Don’t hoard those gift certificates in your top drawer too long, or you may get a surprise when you try to redeem them. Many states have enacted escheatment laws regarding how many years you have to use up your gift certificates and if you snooze, you lose.
The concept of “escheatment” rarely rears its ugly head these days, and is most often seen in law school classrooms and crossword puzzles. It has its roots in English Feudal law, where land that had no more inheritants (heirs) would “revert” back to the lord of the province or the crown on England. Over time, the term has been loosely associated with the concept of “reversion of personal and real property to the state.”
All states have escheatment laws, but many do not have them as they related to gift certificates. And while one wonders exactly what the state is going to do with your massage at Nordstrom’s Spa, some states have determined that they have the right to confiscate your coupon if you’re not going to use it.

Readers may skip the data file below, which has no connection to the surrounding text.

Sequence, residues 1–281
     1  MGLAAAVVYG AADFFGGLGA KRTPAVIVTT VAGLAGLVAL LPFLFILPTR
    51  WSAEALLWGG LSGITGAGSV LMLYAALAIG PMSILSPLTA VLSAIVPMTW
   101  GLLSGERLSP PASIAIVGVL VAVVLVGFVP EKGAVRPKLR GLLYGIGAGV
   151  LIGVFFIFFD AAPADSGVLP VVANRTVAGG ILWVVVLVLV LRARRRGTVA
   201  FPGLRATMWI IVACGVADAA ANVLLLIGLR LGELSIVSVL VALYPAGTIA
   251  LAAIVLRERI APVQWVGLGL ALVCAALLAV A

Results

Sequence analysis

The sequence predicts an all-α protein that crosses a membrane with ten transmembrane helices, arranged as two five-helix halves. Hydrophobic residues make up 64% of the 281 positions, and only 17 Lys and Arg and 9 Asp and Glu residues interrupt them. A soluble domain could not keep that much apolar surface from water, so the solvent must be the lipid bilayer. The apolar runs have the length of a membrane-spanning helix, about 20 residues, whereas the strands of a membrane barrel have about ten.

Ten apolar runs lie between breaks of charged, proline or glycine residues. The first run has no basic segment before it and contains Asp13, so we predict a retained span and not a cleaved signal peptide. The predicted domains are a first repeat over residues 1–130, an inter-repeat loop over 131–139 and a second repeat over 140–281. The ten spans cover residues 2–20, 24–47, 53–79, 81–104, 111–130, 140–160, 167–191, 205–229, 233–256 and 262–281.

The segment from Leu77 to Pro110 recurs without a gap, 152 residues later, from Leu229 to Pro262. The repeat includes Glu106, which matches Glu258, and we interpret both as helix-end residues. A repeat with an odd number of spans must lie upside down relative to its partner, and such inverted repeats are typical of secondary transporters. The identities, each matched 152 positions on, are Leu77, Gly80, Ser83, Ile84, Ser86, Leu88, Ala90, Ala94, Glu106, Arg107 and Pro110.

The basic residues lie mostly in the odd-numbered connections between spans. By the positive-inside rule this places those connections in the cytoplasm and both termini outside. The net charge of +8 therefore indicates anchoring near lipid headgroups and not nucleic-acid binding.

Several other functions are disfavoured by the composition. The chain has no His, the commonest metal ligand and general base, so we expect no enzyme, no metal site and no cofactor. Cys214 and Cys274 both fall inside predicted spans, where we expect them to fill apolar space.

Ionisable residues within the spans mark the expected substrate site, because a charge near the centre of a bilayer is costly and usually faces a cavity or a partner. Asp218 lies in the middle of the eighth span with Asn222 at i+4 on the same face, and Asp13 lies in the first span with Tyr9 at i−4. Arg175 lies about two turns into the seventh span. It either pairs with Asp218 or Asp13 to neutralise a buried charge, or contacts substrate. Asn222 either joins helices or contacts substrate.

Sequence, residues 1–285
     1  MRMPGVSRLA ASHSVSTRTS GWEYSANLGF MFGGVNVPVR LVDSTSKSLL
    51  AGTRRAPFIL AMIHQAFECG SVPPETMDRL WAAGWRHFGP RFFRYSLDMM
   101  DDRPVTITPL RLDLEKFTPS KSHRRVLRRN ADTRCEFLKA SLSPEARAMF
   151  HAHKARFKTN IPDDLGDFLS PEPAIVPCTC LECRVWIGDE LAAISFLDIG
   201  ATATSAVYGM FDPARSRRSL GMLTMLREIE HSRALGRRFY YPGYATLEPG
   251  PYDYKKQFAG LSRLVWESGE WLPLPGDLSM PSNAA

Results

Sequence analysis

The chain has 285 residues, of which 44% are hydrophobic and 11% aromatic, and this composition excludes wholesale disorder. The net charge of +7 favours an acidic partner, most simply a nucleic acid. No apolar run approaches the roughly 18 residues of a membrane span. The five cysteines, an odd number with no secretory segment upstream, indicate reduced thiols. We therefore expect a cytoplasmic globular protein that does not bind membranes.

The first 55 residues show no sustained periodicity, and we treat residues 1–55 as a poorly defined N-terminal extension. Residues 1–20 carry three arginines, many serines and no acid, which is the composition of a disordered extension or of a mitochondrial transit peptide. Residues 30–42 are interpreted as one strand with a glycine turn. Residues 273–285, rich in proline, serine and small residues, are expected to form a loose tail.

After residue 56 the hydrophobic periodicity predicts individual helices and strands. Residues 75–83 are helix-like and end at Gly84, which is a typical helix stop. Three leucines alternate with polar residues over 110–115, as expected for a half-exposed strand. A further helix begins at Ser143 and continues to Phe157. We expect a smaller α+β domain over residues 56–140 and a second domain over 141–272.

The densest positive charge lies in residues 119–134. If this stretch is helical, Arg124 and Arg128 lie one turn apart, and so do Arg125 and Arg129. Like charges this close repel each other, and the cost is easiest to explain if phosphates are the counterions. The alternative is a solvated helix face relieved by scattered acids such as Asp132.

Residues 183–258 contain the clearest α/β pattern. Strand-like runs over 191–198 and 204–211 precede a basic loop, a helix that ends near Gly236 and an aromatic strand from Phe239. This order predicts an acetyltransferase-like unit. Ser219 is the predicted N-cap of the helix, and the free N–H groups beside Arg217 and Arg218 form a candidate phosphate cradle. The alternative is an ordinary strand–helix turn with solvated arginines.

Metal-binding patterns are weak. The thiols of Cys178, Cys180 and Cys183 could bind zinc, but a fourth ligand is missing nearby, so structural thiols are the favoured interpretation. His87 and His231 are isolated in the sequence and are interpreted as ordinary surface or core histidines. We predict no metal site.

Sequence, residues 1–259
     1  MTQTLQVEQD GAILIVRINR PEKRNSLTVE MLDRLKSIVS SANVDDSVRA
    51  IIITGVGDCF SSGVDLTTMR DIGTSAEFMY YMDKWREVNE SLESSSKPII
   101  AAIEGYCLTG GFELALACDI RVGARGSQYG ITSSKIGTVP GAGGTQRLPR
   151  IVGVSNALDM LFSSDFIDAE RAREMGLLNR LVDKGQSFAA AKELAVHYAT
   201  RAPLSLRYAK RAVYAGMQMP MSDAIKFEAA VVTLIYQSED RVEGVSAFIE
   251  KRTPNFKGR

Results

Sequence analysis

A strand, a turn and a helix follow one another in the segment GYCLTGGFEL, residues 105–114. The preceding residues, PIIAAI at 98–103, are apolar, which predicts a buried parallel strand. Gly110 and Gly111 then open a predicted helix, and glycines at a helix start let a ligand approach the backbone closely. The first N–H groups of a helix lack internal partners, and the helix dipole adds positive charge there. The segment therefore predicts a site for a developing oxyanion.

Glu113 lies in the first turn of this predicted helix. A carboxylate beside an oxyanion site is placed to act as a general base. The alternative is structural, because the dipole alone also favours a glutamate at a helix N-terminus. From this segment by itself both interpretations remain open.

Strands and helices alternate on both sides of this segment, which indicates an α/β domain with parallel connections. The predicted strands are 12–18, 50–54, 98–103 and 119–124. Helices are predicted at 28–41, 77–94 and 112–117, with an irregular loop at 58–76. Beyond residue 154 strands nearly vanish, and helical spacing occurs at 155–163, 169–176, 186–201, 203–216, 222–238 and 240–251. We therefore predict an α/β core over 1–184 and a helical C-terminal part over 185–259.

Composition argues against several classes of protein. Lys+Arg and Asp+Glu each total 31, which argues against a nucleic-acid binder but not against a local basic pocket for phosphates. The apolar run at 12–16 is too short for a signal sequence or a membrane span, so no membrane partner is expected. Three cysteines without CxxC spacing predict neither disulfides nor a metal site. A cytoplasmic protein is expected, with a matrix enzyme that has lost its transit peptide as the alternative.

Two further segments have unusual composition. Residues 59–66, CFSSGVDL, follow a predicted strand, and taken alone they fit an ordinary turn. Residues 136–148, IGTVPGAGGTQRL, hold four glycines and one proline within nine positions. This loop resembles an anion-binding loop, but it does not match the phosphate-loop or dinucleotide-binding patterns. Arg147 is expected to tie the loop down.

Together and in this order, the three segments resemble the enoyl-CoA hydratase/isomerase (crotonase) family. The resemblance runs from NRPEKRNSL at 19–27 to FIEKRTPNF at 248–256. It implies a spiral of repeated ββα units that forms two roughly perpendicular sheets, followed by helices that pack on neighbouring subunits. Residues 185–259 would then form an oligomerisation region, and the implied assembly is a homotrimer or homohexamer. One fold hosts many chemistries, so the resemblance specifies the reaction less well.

As a general rule, most states that have gift certificate escheatment allow the gift certificate owner 5 years in which to use the gift certificate (though some are seven years). Currently, the following states have these laws on the books: Alaska, Arkansas, Kansas, Louisiana, Maine, Massachusetts, Michigan, Minnesota, Mississippi, Oregon, Pennsylvania, South Carolina, South Dakota, Tennessee, Vermont, Virginia, Washington, Montana, Connecticut, Delaware, D.C., Georgia, Hawaii, Nevada, New Mexico, New York, North Dakota, Ohio and Wisconsin.
Some states have laws on the books that allow for gift certificate escheatment in special cases, like if the certificate is redeemable in cash. Finally, there are some states that do not have any such laws on the books. Those enlightened states in which gift certificates are exempted from escheatment include Arizona, Arkansas, California, Maryland, and Florida.